Rocketman works best as a skillful presentation of Elton John’s work.  Various hits are interspersed into the singer’s life as a melodic vision of make-believe.  Taron Egerton is a competent vocalist, but this is not an imitation.  Egerton gives an interpretation of Elton John’s work.  The tunes highlight emotional beats.  The songs themselves are positive, but the drama connecting them is sad.  The track listing of this jukebox musical has been placed on shuffle.  Many liberties are taken. “I Want Love” makes an appearance 45 years before it was written.  It conveys Elton’s heartbreaking distance from his father as a young boy in the 1950s.  At an early audition in the 1960s, John belts a couple of bars of “I Guess That’s Why They Call It the Blues,” a tune that didn’t come out until 1983.  Later he makes his U.S. debut in a legendary six-night sold-out run at West Hollywood’s Troubadour on Aug. 25, 1970.  He was a little known performer at the time but here he sings “Crocodile Rock”, a #1 smash he wouldn’t record until 1972 for his sixth album when he was well established.  Elton John’s marriage in 1984 to recording engineer Renate Blauel lasted 4 years but here it’s a sneeze-and-you’ll-miss-it occurrence.

You can’t make a movie with these incredible songs and not have it be good.  However, you can be fully aware of the director’s hand.  This feels like a staged theatrical show.  The most memorable sequence begins at a pool party.  “For my next act, I’m going to kill myself!” the singer declares.  John then flings himself from the diving board into the pool.  He sinks to the bottom where he encounters a 9-year-old version of himself performing “Rocket Man” on a tiny piano.  Synchronized swimmers rescue him and strap him to a stretcher where he is transported to a hospital where the white-uniformed staff lifts and twirls his lifeless body in a ballet that is so conspicuously aware of itself I couldn’t help but chuckle.  From there he’s donning a glittery Dodgers uniform for another performance.  That actually happened in 1975.  No idea what year it is when it occurs here.

There are some factual details mixed in amongst the fantasy.  In the mid-1960s he performed in a backing band for American soul singers touring the U.K.  A performer advises him “You got to kill the person you were born to be in order to become the person you want to be.”  That provides some insight into his stage persona.   He was a vulnerable introvert that became a confident extrovert on stage.  Jamie Bell plays Bernie Taupin, Elton John’s longtime collaborator.   Their partnership is depicted as happenstance.  The record company knew a lyricist.  Elton John could write music. Boom!  You’re a team.  How the two wrote these enduring pop songs is never really delved into.  What is detailed is how these different personalities formed the basis of a long lasting friendship.  In contrast, his parents Sheila (Bryce Dallas Howard) and Stanley (Steven Mackintosh) were a vexing source of unhappiness.  Their approval was a lifelong desire.  It fueled the anxiety over his own sexuality.  His manager John Reid (Richard Madden) would become his first important love. Their personal relationship would only last a few years but Reid would continue to manage his client professionally until 1998.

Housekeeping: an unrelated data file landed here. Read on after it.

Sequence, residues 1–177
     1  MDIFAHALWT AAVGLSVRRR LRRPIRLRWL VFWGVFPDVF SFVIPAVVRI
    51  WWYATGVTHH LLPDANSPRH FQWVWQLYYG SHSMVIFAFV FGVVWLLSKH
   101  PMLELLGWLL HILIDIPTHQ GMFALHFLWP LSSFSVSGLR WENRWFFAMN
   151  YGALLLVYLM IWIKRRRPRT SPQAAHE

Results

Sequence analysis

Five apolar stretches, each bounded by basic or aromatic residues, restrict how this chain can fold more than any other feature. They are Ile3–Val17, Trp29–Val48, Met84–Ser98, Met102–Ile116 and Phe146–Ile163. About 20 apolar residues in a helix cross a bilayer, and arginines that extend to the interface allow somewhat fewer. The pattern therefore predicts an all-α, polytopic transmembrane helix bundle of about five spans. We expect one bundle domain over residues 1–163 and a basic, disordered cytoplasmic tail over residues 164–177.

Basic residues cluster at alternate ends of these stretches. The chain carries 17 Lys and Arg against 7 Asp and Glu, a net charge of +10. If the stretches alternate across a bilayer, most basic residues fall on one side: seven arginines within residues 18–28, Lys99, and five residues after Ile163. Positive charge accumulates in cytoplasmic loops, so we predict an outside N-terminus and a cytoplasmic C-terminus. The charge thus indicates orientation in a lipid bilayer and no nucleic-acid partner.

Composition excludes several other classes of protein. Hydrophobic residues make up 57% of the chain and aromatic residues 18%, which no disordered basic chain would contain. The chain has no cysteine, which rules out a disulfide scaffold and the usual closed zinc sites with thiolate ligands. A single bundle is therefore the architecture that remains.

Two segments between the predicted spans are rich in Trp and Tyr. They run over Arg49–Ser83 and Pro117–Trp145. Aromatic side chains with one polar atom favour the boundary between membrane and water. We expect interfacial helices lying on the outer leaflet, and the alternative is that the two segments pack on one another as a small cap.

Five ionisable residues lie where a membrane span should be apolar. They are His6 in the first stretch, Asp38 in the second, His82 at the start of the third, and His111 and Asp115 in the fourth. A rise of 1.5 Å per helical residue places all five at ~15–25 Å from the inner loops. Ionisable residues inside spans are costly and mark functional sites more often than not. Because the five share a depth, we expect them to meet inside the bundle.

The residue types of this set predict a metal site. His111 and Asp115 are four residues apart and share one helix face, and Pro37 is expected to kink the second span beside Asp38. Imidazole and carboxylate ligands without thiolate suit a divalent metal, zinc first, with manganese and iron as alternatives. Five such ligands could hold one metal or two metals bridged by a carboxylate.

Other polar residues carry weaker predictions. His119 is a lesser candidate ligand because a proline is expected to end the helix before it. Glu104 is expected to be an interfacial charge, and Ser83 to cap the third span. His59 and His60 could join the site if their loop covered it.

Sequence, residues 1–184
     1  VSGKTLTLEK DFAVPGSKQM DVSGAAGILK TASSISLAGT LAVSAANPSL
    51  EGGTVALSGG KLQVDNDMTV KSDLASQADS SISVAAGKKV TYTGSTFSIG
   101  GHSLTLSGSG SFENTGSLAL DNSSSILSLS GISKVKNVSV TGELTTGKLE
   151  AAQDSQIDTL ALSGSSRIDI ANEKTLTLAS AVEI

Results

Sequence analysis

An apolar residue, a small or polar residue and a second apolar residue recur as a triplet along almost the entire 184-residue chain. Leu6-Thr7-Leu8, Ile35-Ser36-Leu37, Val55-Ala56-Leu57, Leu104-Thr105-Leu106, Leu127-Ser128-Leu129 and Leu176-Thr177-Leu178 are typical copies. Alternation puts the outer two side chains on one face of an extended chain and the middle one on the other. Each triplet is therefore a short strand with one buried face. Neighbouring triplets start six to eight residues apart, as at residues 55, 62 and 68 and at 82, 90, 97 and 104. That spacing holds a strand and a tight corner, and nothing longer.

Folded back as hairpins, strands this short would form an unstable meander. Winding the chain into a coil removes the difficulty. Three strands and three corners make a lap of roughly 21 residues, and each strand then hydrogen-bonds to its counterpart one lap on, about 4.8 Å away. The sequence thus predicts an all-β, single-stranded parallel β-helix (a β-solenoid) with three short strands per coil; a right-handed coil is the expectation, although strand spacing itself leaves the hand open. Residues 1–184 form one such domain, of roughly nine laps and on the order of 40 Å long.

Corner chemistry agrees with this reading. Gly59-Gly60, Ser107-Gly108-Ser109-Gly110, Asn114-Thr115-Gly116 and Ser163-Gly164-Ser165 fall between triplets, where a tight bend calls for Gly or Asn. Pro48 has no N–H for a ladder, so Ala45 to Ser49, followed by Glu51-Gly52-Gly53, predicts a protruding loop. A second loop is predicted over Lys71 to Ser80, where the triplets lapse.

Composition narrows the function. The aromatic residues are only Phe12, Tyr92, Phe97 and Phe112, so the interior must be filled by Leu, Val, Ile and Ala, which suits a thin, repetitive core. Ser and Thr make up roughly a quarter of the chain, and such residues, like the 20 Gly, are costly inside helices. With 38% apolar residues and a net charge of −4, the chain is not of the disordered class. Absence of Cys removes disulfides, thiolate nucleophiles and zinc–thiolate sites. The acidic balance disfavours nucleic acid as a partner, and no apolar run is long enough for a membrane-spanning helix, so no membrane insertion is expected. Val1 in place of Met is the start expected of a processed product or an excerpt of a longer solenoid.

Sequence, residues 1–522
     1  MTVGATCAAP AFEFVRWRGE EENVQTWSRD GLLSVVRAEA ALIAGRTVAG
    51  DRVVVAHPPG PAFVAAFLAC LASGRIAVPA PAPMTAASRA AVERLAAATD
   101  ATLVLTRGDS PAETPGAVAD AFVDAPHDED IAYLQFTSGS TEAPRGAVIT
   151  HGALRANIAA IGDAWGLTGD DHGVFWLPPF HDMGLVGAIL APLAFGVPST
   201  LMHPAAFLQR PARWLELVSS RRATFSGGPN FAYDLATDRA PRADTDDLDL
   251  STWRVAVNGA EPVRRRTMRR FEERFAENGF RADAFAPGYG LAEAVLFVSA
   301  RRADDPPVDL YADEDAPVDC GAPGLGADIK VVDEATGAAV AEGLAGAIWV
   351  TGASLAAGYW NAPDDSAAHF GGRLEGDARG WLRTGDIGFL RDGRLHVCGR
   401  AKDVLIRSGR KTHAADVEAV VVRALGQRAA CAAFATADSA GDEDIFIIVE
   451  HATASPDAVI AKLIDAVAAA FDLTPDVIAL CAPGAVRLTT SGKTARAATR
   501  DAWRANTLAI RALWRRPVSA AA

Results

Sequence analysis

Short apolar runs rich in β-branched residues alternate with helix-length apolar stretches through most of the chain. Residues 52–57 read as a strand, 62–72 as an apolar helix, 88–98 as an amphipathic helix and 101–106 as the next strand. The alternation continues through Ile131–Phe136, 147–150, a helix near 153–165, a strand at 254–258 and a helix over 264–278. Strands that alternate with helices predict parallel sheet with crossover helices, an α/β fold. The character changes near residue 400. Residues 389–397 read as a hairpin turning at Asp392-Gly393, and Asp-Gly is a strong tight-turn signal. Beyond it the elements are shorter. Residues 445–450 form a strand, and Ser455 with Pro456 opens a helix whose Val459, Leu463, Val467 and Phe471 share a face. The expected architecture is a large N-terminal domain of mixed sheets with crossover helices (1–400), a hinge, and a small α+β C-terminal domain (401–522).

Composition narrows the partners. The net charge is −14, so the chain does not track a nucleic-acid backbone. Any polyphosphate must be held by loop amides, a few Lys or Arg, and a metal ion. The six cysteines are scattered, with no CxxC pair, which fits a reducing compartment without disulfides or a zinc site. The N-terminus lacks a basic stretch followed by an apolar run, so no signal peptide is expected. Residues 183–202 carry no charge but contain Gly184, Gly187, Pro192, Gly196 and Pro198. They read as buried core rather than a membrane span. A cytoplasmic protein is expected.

This is a song and dance extravaganza linked together by rote and superficial story-beats.  “I’m Still Standing” is the predictable climactic ditty.  Rocketman uses CGI to put Egerton — dressed in the white suit and straw hat Elton wore — directly into the old video.  I didn’t expect to see the actor inserted into the exact same footage, but I did see that predictable song choice coming from a mile away.  What elevates Rocketman is director Fletcher’s vision.  Let’s be clear.  Fletcher is a masterful director.  I don’t want my admiration to get lost in my measured take of the film itself.  He captures a heady mix of 70s excess.  It’s pure imagination and the musical numbers are so captivating.  There are moments where I was euphoric.  Fletcher clearly understands how to shoot a movie musical in the way that Vincente Minnelli and Stanley Donen understood the medium.  The choreography that accompanies “Saturday Night’s Alright for Fighting” is a transcendent sequence.  A tracking shot that winds back and forth through a carnival has star Taron Edgerton surrounded by various dancers that sing backup to his lead.  The setpiece had me practically standing on my seat clapping.   If only the rest of the movie produced such a giddy high.

06-01-19